This problem applies specifically to deforestation. Since forests have a climate of their own, cutting vast areas of trees will have an impact on water patterns. How can it have such an impact? Forests acts as an enormous reservoir of water, which attracts humidity and creates rain clouds.
Rain clouds are formed when the water evaporates from the surface and when plants experience transpiration. Transpiration in plants is similar to sweating in humans. The forest follows a hydraulic cycle by absorbing the water when it rains and releasing it by evapotranspiration, which is the phenomenon of evaporation and transpiration explained earlier.
With deforestation, this hydraulic regulation is destroyed and reduces the absorption capacity. Therefore, rain continues to fall just as much after the trees are cut, but it floods the ground and streams down to a nearby river. While streaming down, it brings an important amount of mud, which can be extremely destructive, and fills up the river with it. The river loses his depth and expands in width when ground elements are deposited in the bottom, which floods part of the surrounding.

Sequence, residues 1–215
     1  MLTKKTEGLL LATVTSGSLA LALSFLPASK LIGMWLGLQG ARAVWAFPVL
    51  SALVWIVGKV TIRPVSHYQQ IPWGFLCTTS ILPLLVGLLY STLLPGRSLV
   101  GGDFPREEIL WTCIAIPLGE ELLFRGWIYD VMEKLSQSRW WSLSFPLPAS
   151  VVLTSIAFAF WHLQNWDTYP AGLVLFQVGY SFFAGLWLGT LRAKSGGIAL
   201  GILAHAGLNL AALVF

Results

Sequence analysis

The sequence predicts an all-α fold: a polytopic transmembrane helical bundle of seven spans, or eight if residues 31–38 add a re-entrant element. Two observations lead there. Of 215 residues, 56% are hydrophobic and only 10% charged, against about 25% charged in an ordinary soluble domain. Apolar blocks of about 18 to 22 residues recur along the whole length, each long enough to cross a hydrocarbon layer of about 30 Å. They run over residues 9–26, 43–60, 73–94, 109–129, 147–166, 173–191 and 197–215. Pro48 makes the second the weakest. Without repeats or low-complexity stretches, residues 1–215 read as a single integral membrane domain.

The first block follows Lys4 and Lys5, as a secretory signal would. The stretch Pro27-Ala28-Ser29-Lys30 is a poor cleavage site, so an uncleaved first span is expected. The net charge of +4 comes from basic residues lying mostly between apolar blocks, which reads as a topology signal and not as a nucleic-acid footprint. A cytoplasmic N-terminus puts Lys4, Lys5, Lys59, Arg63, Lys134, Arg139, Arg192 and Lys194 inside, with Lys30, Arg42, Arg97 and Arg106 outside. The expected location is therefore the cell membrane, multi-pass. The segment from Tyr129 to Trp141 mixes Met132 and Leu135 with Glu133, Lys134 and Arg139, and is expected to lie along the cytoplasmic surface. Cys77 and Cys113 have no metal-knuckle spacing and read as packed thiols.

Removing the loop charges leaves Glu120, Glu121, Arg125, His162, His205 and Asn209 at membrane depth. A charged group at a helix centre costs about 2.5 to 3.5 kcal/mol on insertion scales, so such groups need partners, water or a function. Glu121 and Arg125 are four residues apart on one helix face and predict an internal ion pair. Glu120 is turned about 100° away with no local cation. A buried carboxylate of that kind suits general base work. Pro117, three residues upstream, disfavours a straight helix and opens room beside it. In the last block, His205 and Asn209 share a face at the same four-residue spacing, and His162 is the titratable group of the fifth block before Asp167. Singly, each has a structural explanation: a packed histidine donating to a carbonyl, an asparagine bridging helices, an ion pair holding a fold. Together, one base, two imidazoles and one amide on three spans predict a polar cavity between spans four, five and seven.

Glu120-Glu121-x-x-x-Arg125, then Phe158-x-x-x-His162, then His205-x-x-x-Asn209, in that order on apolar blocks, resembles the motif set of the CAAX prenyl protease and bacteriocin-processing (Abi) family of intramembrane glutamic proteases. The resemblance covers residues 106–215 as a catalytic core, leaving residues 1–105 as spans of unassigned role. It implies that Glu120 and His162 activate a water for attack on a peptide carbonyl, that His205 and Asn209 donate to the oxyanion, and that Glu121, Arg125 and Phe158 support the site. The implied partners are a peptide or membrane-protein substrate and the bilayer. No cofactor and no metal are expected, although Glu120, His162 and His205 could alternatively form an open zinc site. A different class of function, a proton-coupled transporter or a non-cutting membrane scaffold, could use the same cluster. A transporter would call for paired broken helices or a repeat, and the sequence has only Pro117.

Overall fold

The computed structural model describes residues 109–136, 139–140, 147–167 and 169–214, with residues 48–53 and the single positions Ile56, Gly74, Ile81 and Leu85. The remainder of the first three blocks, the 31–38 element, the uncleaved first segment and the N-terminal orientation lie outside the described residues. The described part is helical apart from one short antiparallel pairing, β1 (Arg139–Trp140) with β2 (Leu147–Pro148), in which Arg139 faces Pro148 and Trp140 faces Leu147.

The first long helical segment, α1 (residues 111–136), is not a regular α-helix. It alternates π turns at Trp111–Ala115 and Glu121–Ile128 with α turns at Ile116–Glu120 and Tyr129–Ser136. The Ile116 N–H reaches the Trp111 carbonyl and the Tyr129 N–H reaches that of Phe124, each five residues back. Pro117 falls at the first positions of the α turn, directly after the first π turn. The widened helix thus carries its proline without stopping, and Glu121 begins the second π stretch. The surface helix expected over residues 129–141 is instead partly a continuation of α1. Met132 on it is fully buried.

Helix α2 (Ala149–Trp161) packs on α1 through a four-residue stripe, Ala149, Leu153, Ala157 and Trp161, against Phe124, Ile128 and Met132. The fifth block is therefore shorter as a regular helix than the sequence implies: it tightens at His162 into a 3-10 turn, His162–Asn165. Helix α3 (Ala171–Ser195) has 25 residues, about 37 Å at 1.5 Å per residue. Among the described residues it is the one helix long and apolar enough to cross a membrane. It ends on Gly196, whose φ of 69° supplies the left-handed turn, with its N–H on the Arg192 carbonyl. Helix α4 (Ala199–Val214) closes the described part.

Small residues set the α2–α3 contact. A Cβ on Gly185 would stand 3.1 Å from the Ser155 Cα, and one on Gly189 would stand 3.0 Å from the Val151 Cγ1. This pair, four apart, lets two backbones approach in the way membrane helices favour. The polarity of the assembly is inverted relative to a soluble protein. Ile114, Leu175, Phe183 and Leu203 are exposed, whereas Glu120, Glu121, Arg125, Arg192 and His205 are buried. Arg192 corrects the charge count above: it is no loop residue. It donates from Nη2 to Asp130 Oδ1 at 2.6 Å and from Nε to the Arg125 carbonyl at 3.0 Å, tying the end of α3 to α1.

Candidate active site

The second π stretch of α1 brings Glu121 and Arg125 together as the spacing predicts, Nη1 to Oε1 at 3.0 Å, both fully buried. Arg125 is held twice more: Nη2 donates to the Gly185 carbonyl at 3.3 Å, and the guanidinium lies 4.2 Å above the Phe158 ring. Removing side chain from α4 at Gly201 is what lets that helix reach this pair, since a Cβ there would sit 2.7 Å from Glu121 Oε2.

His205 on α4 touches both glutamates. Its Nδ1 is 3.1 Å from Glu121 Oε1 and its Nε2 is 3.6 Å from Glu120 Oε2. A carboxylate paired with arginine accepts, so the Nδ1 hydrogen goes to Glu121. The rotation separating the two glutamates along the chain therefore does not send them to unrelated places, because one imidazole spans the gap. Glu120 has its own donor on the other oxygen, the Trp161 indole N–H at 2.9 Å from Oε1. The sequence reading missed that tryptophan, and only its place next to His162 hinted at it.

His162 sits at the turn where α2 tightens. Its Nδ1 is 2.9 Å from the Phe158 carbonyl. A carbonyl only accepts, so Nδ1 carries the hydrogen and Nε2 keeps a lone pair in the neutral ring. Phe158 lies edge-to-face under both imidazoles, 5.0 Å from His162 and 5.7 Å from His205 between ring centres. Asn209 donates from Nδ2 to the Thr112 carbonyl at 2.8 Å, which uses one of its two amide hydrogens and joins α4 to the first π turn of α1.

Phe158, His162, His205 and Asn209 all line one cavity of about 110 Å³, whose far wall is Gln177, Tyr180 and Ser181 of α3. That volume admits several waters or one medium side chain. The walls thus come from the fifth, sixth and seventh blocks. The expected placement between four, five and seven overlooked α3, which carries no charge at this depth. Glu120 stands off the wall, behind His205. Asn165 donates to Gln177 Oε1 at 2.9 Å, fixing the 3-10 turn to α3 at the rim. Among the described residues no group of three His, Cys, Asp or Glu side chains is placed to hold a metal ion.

Also, the water becomes unsafe for drinking because of the accumulation of mud which reduces the amount of drinkable water available for humans and animals. Deforestation leads later on to desertification, which is the case for some parts of Africa. Rain and drinkable water are becoming more and more scarce.